WASHINGTON — The Pentagon has been issuing dire warnings this year that the military is fast approaching a severe money crunch — a problem compounded now by the war in Iraq and Syria.
Congress will almost certainly pay that bill using the OCO account, said Gordon Adams, an analyst with the Stimson Center and a professor at American University.
“It is like a drug. It is the magic feel-good for anybody’s budgetary needs,” he said.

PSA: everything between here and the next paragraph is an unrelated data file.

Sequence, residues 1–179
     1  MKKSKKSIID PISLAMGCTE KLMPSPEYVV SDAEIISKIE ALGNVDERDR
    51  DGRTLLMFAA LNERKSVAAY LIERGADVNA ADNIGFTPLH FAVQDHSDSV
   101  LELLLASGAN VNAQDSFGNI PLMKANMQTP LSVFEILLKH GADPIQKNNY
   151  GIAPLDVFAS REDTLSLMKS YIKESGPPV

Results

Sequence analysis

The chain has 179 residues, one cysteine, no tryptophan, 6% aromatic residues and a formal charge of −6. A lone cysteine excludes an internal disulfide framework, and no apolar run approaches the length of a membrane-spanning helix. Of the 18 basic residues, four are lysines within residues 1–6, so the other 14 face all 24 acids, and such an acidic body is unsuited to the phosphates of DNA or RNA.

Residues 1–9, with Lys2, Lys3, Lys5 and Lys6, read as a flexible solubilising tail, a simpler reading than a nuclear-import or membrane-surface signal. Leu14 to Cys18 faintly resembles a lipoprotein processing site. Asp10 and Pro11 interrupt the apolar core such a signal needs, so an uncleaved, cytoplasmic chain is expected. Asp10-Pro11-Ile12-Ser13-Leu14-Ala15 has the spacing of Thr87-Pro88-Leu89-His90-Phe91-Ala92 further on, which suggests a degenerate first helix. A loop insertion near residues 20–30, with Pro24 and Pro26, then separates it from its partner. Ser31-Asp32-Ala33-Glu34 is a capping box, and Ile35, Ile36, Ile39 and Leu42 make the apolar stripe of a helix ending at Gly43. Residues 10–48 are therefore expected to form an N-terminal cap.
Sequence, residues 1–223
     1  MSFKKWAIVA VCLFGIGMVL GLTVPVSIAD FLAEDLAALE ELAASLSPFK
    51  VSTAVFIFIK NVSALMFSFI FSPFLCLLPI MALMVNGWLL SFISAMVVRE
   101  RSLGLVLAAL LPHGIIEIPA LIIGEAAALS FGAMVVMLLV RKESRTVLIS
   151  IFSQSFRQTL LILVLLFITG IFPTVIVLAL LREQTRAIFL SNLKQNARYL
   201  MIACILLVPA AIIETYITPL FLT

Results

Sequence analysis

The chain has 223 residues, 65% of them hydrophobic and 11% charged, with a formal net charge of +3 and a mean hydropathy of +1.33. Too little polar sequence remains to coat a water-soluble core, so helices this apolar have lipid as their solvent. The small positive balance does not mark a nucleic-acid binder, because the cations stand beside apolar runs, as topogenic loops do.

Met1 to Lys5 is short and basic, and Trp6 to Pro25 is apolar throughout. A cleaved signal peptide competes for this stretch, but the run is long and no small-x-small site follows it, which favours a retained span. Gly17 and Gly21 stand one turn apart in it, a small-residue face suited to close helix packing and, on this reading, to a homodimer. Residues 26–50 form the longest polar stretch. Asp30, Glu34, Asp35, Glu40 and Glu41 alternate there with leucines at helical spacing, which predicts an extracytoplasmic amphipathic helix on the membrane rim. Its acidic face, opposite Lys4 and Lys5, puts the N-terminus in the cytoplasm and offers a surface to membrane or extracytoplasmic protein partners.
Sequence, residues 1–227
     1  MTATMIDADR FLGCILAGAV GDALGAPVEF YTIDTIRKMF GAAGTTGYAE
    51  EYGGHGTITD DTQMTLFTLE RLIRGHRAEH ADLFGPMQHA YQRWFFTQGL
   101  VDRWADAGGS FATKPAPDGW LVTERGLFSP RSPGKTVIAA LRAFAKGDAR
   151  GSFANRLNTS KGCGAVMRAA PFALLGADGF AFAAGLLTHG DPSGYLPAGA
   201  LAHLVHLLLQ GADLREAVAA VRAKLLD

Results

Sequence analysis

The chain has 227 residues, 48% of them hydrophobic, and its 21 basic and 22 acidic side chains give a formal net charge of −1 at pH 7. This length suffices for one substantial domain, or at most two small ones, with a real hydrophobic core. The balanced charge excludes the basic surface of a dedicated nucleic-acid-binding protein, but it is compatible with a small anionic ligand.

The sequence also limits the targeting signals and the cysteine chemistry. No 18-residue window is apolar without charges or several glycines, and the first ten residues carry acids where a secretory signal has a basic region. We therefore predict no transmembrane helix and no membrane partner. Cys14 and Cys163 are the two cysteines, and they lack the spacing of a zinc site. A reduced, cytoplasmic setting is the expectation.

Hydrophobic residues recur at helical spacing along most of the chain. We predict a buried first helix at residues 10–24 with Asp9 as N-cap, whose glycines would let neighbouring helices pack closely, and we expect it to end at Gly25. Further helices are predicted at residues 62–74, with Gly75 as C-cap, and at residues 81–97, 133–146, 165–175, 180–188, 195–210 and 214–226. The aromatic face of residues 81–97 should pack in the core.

Lawmakers must hash out a new defense spending plan by Dec. 11, when the stop-gap spending measure they passed just before leaving Washington for mid-term elections expires.
The White House has already requested $65.8 billion in OCO funds for the coming year.
“If they don’t come back sometime after the election and bump that [OCO budget] up $10-$15 billion, I will be shocked,” Adams said.
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